Chapter 7. Managing organizational units


Imagine you have a domain with 6000 users, 6000 workstations, 700 groups, and 500 servers. If all of those objects are in a single container, you’ll have a hard time delegating administrative permissions and applying Group Policy. Organizational units (OUs) are used to give structure to your domain. You can put objects that are related by the rules you define, such as all the users in a specific business unit or location, into specific OUs and use those OUs to control the delegation of administrative permissions and the application of Group Policy. In a nutshell, OUs break the mass of objects in your domain into manageable sets.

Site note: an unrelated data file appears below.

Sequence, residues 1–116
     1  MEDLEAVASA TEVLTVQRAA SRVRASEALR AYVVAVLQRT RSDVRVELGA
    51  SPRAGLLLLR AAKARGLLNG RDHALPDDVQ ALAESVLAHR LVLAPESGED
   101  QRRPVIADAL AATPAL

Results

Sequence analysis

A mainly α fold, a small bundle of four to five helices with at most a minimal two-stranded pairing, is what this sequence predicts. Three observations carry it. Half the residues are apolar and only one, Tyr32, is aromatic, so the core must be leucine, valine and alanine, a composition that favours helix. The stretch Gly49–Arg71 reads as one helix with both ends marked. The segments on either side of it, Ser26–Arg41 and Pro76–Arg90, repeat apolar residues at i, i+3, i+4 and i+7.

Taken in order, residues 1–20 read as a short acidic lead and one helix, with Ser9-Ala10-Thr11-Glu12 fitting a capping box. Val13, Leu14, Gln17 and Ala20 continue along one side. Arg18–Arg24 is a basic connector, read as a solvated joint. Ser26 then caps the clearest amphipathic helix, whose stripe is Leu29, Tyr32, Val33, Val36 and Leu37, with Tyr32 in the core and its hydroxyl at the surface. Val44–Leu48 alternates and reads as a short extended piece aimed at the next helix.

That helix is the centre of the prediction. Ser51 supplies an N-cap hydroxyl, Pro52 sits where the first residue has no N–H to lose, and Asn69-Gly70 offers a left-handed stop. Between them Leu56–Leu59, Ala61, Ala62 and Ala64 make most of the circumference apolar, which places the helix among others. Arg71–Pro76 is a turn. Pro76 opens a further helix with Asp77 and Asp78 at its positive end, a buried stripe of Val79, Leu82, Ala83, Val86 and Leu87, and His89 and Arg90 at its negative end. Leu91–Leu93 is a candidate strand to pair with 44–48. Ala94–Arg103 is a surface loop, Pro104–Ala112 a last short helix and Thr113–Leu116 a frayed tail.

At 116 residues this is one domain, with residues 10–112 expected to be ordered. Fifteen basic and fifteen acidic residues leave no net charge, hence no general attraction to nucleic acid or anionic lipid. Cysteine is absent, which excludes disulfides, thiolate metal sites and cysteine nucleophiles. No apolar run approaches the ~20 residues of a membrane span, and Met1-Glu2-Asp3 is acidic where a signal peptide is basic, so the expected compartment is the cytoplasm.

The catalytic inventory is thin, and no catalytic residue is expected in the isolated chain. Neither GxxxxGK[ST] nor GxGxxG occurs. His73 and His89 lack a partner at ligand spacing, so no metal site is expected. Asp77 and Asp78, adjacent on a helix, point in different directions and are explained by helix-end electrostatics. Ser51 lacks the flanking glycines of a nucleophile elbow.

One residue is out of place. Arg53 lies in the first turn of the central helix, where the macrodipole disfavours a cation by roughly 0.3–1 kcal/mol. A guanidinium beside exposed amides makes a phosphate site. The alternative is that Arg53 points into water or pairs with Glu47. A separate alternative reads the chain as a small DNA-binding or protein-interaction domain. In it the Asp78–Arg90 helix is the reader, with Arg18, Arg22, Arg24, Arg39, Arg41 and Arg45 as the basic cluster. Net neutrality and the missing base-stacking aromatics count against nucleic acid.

In the preceding example, an OU may contain a few hundred users or computers, which is a more manageable proposition. OUs contain the objects you’ve read about in chapters 2 through 6. This chapter covers the OU lifecycle.

You might assume that managing OUs begins with creating them, but in this case you need to know why you’re creating them and for what you intend to use them. After a little bit of background, which explains the whys, you’ll learn how to create OUs.

One nightmare scenario for AD administrators is “I’ve just deleted an OU with hundreds of user accounts in it.” There’s a simple technique to protect your OUs and their contents from accidental deletion. It’ll be second nature to use it after you’ve finished this chapter.

7.1. OU concepts

7.2. Creating an OU with the GUI tools

7.3. Creating an OU with PowerShell

7.4. Protecting OUs from accidental deletion

7.5. Managing OUs

7.6. Moving objects between OUs

7.7. Lab

7.8. Ideas for on your own